Every lb of LME (Liquid Malt Extract) will yield 1.037 per gallon of water, or 37 gravity points.
So 9lbs x 37pts = 333pts..... 333pts / 5Gal = 66.6 or a gravity of 1.066 approx.
Or the easy way.... Calculator
I think I may switch out the 3.15 wheat for a 3lb Pilsen (dry). That should pull OG to 1.0718, with an avg of that yeast's attenuation (76.5), I should have a final of 1.017.
Using the ratio of CO2 per ethanol 1.05, I should get: 1.05 x (1.0718 – 1.017) = 0.0575 kg/L.
Then 0.0575/1.017 = 5.65% by weight, or 5.65%0.79 = 7.15% by volume.
My final recipe would be:
1lb Belgian biscuit malt
6lb Gold Malt syrup
3lb Breiss Pilsen DME #3
1oz Saaz (bittering)
1oz Strisselspalt (flavoring)
Wyeast Biere De Garde Private Collection
$41.52 before shipping and any possible tax....hopefully this isn't horrible lol.
Also... you are planning on making a yeast starter, right? A beer this big will really need a bunch of yeast to get going. Check out www.mrmalty.com for "proper pitching rates".
Yeah I will once everything comes in. I've never had to use one before, but I'll figure it out when it gets closer to that time. Not too sure how to make sure it ends up at 3.26L of starter though. Also, would I have to buy another lb of DME, or can I make the starter from the stuff I'll already be buying for the recipe?
You'll need to buy extra DME/LME for the starter and then just decant the beer off of and pitch the yeast slurry in the bottom. I would wager you could make a 1 gallon starter and it would probably come out just fine, at least IMHO.
So yeah, 1lb of DME in 1 gal of h20 (boiled for a bit) would give you the proper wort for a 1 gallon starter.
This reminds me of something I brewed a long time ago, based on a recipe from a Papazian book. I was aiming for a Belgian Grand Cru with a dry finish, since I didn't like malty in those days. According to the notes I wrote at the time, I used 5 lb of extra light dry malt plus 2 3/4 lb of honey. If you haven't used honey before, it ferments completely and without leaving a hot feel in the beer. It's a good way to reduce the maltiness of a recipe (or to boost the alcohol). I used to add a pound to a recipe pretty frequently.
I started that beer with Wyeast Belgian White yeast and, when the SG was down to 1.035, I added a pack of Glenbrew "Secret Brewers" yeast and some yeast nutrient. That's a dry yeast that has enzymes or something and can yield an extremely dry beer. I wrote that it finished at 1.003, which surprises me a little for being so low, but I remember it being a crisp beer, which went great with the orange peel, coriander seed and that odd Belgian taste. It was one of my best ever and I never tried making it again, even though some people asked me to, because I knew the next batch would have to be a letdown.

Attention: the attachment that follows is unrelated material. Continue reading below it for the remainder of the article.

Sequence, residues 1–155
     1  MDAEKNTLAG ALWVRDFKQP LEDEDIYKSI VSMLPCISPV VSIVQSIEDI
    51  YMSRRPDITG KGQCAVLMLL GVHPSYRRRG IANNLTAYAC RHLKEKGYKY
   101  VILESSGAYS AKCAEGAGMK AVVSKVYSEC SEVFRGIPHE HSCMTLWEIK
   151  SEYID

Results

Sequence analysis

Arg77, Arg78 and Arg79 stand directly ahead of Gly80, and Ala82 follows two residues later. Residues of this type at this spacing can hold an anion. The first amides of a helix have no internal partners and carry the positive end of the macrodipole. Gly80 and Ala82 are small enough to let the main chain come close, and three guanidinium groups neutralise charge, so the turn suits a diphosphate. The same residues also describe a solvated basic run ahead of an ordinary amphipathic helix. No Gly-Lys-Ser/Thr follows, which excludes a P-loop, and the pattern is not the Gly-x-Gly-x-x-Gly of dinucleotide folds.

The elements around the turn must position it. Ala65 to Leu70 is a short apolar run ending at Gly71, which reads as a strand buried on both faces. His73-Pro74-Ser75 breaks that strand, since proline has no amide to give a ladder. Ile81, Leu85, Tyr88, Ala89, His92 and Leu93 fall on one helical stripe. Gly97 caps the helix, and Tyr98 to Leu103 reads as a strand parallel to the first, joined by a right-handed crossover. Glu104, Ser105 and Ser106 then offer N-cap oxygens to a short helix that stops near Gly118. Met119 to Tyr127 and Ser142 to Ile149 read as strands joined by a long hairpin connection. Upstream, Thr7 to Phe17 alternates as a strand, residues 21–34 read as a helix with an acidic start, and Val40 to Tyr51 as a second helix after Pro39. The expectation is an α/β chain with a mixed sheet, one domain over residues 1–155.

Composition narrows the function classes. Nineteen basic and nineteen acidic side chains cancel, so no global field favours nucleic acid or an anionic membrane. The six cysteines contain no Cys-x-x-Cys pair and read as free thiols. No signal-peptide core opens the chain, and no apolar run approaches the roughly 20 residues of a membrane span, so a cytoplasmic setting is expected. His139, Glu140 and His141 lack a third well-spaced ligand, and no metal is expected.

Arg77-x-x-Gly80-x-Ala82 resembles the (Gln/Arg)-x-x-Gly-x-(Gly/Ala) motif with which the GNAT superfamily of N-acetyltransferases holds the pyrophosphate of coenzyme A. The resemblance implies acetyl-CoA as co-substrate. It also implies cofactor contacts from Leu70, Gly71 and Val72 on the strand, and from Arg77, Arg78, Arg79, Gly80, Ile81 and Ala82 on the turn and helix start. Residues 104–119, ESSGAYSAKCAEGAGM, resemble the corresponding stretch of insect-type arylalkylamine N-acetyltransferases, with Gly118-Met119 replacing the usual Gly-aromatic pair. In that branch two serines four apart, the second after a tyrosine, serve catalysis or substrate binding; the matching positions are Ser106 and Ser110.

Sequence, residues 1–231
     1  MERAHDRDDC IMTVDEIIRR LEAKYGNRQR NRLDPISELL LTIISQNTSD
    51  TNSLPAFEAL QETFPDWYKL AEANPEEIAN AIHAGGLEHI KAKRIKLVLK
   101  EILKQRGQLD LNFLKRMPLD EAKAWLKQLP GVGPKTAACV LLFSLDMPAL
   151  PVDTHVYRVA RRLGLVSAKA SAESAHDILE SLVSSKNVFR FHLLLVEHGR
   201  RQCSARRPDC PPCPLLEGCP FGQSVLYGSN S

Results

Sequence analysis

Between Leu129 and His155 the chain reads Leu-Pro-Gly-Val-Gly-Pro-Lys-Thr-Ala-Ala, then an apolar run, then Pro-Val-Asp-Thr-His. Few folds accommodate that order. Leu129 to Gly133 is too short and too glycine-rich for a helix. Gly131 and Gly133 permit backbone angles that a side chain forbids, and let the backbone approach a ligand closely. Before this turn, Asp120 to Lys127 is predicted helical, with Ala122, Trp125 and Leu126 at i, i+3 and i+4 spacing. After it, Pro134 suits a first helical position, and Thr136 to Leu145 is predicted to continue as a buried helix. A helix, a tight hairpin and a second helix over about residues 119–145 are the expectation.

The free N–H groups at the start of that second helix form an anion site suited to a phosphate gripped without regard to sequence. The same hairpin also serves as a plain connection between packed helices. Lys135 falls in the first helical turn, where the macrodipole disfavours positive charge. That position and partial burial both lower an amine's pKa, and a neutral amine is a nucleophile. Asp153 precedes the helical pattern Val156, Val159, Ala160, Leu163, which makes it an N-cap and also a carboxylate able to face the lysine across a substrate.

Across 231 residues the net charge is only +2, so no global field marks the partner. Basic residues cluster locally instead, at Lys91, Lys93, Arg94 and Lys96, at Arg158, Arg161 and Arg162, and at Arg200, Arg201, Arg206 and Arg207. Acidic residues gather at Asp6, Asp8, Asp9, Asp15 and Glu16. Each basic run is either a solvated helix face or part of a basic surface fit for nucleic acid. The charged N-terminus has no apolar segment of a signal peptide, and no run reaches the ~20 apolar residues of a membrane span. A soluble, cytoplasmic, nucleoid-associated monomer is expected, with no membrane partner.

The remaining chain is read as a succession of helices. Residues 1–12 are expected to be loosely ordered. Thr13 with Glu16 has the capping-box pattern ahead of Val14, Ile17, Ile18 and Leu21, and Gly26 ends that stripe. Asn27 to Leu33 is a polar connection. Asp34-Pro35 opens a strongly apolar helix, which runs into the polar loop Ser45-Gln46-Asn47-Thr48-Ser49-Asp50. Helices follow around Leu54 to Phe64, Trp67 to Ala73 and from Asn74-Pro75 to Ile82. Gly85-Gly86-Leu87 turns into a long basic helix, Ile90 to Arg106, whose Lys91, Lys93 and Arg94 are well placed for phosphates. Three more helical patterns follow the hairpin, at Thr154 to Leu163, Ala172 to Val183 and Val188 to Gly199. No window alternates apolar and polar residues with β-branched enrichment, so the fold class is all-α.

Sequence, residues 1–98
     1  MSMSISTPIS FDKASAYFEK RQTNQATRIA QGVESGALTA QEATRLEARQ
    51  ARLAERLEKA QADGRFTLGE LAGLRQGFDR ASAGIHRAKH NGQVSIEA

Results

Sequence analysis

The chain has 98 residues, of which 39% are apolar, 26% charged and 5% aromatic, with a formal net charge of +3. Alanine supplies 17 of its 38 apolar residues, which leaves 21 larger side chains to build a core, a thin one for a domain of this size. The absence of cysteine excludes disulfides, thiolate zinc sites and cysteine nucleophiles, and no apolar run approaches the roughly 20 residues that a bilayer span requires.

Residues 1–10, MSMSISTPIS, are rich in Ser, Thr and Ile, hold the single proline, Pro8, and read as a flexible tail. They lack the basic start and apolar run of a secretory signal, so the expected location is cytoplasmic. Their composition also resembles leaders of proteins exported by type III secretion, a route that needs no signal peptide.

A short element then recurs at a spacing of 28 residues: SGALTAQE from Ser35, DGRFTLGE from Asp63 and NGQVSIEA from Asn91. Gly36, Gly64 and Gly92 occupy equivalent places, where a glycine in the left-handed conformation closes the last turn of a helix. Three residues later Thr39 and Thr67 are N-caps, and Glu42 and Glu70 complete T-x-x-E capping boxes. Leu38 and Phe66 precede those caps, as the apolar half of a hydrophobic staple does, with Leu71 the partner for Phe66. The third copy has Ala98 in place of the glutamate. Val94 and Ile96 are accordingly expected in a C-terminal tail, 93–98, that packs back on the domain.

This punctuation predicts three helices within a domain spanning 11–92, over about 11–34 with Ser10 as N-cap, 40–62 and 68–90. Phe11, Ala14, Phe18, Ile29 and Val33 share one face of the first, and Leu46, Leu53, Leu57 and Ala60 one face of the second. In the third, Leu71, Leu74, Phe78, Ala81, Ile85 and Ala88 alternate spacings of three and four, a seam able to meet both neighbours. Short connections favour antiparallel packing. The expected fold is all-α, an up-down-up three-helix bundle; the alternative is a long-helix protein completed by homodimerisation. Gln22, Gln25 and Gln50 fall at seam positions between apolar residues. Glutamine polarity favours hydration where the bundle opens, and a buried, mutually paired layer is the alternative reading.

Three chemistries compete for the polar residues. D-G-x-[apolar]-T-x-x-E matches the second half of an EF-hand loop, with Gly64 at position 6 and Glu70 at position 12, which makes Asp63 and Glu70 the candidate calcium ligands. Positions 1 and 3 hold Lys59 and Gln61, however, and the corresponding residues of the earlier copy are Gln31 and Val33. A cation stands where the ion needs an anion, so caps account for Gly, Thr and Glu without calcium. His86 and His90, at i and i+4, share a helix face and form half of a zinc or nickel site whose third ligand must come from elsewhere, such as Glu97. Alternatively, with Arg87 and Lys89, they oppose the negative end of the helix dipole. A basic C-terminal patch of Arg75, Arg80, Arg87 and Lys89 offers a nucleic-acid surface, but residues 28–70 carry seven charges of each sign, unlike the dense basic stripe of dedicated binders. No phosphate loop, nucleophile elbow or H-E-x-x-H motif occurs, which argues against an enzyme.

By the way, I never did the yeast starter thing and I'm pretty sure my local homebrew store said it isn't necessary with Wyeast or other liquid yeasts. Also, isn't there a homebrew store in Ft Worth or nearby? Go there instead of ordering and bounce your recipe ideas off the owner or other customers. The money to ship for your ingredients will take you pretty far in search of a local store.
Bruce in CT
Madness is something rare in individuals — but in groups, parties, peoples, ages it is the rule. Friedrich Nietzsche
Yeah I was under the impression liquid yeasts usually didn't need a starter either. I made a heller bock with 10lbs of extract, and didn't need a starter for it, and it came out fine. I'll look around for a local place. I think the closest is probably Dallas.
Edit: I poked around. The "local" places are at least 45 mins away, and don't really have the right stuff I want, nor are their prices any better. For most things, they're actually worse. Also, the shipping would only be $8, which is less than or equal to what I'd spend on gas getting there and back.
thats interesting....cause when yah make mead you usually you need to age it for quite awhile to get rid of the hotness, suppose its cause all the malt? or the fact your not fermenting more or less straight sugar? but Bruce is right honey has been used to up the alcohol in beer for centuries.........If you haven't used honey before, it ferments completely and without leaving a hot feel in the beer.
Just placed my order, and I ordered a lb of honey as well to throw in there. I've never used honey before either. I realllllly hope this recipe turns out well, cuz I just made it up as I went along, plus suggestions from you guys. My order was a bit more than I was planning on because of the extra DME, honey, bottle caps, a new stopper, and a new hygrometer, since this annoying ex-gf of mine smacked it off the counter last time I brewed.
with the honey.....since your not doing a starter........i would wait and maybe add it after things start fermenting well....as i stated earlier unless its heavily processed honey(and being its from a brewing supply store it likely isnt) its actually far from sterile and as far as im concerned boiling honey is a bad thing.......aslong as you have a good fermentation going there is nothing to worry about, the yeast you have in there will quickly out compete anything on the honey.....alot of die hard mead makers dont boil the honey, most just pitch a good sized starter to overwhelm anything on the honey.....